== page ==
USA Today clearly violated these long established guidelines. It remains to be seen how much they actually value the ethics and editorial standards they claim to adhere to.

Much more from Michelle Malkin's follow up post, USA TODAY REMOVES DOCTORED PHOTO. Malkin's original post DEMONIZING CONDI. My response to Malkin's original post Photo Ethics Eludes USA Today.

Update: Classical Values conducted a similar Photoshopping experiment. California Conservative offers up a version every bit as credible as the original.

From the Pen seems to have beaten us all to the story, but I don't know if I agree with Dan Riehl's assessment of the origins.

Posted by Confederate Yankee at October 26, 2005 11:21 PM | TrackBack

Under the razor theory, the most likely cause is giving the assignment to a low staff graphics person on barely minimum wage who did it the fastest why possible with the least amount of strokes while text messaging and/or talking on the phone and didn't really care if it was flattering or not. Also, Online images are very different depending on your chosen font size and screen resolution. I would think in general, most people really don't care what Condi looks like.

Posted by: Steve Talbert at October 27, 2005 12:52 AM

You might want to correct your post if you don't mind, though not a big deal. I didn't make any supposition as to the origins of the photo and acknowledged it was altered. All I said is that whatever happened also smoothed her cheeks and could have been done inadvertantly, perhaps by a lowly photo clerk as per above, or to make it look better given the por original around the eyes, they're almost blue. Also, I suggested waiting for an answer before accusing them of worse.

But allow me to posit a question to you as a blogger. How would you feel if you discovered the thing from a week ago, had both images on your site and found that MM had them up after and they were subsequently linked by Drudge, Glenn, ET AL? Then go read La Shawn's post where she points out that the individual who broke it got virtually no credit at all.

Sorry, I don't agree that that's the way the game is supposed to be played. And if a smaller blogger had done it, there would be hell to pay for them. I couldn't care less about the photo. As a matter of principle what irks me is this is the third time I am aware of that Malkin has done precisely the same thing - once to me - and so-called principled bloggers won't say a word about it. That's the real shame here, dude. IMO of course.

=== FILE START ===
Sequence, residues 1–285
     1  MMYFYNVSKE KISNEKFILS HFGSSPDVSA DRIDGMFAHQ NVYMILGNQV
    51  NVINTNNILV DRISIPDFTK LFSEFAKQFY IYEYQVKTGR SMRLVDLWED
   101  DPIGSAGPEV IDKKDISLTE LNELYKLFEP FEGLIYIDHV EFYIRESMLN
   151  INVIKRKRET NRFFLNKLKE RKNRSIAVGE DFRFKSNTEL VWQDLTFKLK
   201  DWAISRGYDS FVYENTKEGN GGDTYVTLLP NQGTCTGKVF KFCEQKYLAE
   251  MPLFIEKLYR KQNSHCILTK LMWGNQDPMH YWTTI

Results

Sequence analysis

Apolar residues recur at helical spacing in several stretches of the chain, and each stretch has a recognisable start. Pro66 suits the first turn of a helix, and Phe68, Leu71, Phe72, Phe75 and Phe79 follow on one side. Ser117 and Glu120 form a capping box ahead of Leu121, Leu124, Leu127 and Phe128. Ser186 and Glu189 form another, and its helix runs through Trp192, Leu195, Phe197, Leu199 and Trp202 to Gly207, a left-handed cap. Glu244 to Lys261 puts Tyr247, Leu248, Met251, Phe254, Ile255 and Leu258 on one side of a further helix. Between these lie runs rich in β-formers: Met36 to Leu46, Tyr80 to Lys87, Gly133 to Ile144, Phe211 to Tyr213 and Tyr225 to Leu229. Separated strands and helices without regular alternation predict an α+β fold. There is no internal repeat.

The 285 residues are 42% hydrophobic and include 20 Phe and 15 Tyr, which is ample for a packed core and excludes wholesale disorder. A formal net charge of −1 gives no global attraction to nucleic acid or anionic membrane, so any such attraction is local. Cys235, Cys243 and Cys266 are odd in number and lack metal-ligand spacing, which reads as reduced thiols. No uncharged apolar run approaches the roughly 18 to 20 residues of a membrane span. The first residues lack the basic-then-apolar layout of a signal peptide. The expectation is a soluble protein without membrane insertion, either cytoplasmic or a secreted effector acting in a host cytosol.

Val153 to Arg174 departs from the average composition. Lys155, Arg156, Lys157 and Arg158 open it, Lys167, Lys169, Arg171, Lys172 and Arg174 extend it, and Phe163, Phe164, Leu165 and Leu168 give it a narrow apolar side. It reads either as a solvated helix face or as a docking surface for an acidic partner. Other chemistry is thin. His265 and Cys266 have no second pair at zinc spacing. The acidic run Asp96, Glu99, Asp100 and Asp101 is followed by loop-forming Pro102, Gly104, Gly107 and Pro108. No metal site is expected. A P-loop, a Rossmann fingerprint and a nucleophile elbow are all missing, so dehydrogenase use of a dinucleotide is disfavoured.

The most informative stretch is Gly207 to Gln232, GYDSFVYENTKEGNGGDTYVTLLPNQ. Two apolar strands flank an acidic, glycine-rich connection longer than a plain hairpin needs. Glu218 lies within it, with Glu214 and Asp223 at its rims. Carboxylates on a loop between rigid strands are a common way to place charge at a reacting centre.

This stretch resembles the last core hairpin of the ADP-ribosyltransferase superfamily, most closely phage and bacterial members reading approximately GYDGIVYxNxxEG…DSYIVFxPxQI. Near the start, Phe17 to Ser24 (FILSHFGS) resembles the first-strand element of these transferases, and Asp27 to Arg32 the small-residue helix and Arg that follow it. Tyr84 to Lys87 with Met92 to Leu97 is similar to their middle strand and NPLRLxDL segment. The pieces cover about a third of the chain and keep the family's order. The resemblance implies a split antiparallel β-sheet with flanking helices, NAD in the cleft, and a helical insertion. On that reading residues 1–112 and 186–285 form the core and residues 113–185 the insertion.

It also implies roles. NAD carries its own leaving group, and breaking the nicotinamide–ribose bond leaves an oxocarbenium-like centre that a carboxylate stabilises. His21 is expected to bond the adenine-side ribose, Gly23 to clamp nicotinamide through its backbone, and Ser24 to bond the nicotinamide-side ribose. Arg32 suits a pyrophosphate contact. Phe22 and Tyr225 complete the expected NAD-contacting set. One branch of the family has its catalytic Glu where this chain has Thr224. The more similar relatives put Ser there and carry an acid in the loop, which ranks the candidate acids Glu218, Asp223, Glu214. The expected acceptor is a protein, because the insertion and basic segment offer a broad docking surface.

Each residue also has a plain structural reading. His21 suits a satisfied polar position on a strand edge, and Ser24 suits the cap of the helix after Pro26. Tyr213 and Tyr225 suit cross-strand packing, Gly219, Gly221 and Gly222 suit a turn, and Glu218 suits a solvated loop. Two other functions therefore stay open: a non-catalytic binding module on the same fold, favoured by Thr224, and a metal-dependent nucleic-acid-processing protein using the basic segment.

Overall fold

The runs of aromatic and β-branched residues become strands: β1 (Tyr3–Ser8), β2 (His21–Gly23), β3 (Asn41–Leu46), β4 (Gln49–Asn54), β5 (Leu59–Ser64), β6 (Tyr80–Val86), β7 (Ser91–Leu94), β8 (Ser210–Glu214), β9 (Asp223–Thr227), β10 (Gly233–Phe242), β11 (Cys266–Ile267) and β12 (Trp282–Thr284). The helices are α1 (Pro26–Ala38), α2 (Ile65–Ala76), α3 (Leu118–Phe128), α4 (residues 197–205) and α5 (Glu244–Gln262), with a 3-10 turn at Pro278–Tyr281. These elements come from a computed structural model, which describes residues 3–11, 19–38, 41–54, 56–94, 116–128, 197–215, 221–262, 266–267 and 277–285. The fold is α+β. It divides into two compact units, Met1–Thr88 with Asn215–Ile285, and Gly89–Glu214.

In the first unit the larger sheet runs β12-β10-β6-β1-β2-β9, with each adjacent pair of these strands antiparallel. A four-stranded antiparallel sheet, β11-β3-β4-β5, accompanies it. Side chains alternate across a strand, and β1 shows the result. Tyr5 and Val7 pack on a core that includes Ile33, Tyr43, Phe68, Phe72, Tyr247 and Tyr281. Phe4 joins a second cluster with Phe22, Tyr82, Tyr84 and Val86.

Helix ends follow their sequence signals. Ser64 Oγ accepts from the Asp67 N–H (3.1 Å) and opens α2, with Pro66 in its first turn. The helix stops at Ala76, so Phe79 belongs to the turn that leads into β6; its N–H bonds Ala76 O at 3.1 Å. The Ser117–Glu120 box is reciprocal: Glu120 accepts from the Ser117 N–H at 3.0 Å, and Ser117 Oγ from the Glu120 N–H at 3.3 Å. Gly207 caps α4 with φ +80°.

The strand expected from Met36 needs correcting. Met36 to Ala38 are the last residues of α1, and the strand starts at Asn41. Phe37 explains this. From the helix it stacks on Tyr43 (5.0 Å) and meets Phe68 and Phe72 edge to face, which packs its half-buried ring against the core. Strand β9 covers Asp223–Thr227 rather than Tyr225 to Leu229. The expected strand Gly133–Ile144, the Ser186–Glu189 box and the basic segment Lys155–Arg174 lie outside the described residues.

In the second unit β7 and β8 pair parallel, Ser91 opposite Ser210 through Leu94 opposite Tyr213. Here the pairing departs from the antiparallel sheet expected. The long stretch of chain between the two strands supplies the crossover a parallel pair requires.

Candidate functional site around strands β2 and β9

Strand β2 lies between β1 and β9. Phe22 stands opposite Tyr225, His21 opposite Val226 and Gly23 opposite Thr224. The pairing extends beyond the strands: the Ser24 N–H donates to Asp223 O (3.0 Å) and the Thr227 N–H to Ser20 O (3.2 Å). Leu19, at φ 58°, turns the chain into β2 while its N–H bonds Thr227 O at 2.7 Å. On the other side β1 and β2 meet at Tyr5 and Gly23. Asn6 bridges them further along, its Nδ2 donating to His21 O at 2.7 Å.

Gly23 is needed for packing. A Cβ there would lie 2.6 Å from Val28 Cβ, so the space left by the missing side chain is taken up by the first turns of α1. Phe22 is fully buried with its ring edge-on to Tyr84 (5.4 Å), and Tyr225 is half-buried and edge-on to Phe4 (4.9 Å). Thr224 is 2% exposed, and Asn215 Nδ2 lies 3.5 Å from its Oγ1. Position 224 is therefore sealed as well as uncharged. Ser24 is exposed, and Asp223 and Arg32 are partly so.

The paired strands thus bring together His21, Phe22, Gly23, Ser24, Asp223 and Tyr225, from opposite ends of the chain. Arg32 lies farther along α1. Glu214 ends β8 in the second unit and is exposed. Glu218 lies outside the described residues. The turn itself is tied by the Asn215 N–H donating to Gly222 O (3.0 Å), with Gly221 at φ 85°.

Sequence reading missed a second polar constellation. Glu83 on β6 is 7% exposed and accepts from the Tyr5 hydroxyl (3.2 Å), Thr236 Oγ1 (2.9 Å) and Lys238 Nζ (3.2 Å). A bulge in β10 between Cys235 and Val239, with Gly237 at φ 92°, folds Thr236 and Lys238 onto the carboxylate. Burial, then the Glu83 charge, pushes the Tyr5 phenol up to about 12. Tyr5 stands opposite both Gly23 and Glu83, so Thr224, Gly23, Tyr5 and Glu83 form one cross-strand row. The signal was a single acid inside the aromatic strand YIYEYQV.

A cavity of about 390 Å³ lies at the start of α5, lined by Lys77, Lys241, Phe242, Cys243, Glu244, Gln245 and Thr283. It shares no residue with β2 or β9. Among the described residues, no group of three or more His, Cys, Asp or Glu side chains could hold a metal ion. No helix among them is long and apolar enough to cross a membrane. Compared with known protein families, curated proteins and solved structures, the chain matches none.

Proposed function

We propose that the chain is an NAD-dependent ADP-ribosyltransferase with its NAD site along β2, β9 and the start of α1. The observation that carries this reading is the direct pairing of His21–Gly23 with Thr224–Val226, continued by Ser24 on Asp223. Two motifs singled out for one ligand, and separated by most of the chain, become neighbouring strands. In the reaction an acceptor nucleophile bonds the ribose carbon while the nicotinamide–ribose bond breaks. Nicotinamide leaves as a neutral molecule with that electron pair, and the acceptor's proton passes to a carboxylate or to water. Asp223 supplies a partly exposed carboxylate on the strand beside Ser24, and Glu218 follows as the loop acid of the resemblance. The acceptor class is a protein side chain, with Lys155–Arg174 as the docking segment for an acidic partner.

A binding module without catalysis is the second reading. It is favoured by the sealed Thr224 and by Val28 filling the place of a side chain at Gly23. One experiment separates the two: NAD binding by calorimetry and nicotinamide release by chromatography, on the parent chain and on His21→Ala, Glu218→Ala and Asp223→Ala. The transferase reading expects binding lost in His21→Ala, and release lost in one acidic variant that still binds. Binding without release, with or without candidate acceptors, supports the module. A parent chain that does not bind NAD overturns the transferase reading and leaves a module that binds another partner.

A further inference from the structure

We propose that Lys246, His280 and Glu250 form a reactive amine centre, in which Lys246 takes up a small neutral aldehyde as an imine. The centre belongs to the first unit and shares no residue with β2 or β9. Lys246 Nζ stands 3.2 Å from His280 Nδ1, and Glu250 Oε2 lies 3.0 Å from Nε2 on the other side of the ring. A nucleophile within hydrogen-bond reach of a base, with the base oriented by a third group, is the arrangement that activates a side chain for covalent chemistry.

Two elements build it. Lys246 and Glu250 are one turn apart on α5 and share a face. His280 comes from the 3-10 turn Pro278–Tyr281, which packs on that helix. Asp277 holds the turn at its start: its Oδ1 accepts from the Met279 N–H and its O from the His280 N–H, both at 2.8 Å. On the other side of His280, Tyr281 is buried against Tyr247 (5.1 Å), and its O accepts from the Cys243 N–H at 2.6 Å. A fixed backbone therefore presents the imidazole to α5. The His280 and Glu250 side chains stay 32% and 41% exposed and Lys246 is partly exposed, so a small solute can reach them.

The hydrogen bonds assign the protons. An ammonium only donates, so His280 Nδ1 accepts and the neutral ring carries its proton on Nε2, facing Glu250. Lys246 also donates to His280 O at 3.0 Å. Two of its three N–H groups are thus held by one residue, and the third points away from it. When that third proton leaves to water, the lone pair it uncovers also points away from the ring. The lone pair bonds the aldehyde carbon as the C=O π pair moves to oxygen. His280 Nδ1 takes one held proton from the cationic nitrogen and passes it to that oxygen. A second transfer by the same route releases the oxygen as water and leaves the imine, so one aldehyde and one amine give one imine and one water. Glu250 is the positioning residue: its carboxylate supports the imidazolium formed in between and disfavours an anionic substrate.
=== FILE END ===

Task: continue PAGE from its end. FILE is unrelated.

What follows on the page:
People don't get to stay at any reputable paper when they are caught plagarizing the work of others ... so, who are the blogs to criticize the MSM if we're going to be even worse because of some presumed pecking order?

Guess I was wrong to think that many bloggers had more scrupples and at least some balls. And that's not meant to be personal to you, by any means. But I see little truth to power around here these days when it is repeatedly one who is allegedly one of our own.


Posted by: Dan at October 27, 2005 01:32 AM


Michelle's post does credit and link to the original article at From The Pen. It's right there for all of us to see, so it's not her fault if we don't get the attribution right.


Posted by: Abe at October 27, 2005 02:58 AM

To coin GEN Patton, this item is going through the blogosphere, "like crap through a goose." It's everywhere, it's everywhere!

USA is caught and is now executing the time-tested liberal response; avoid responsibility at all cost! It's a Charlie Brown thing - the liberal MSM will pull the football every chance they get.

I think the point has been made and anything from now on is putting too fine a point on it.

Posted by: Old Soldier at October 27, 2005 07:31 AM

I was able to do the same using cheap Paint Shop Pro and an increase in the Brightness on just the eyes. Very easy do to and I'm no graphic artist.

No, this wasn't an error of "brightened a portion of Rice's face". This was on purpose to either make her look like a hideous demon, or the average Liberal.

Posted by: Shamalama at October 27, 2005 12:37 PM

I'm not seeing what Malkin did "wrong". She credited the blogger who first ran with the story. Is Riehl saying that no one should blogging about a subject that some one else blogs about first?

Posted by: craig henry at October 27, 2005 01:59 PM

The photoshop technique is not "changing the image" per-se, as it's not simply white-washing the eyes. Instead, it's selectively brightening the eyes. The exact same technique was used on this picture to make the spedometer unnaturally dark/shiny:

Adjusting the white balance of the entire picture is a critical step in photography. Going one step further and adjusting the brightness of specific areas of an image is considered by some to not be tampering with the image significantly more.

Posted by: David N at November 1, 2005 06:52 PM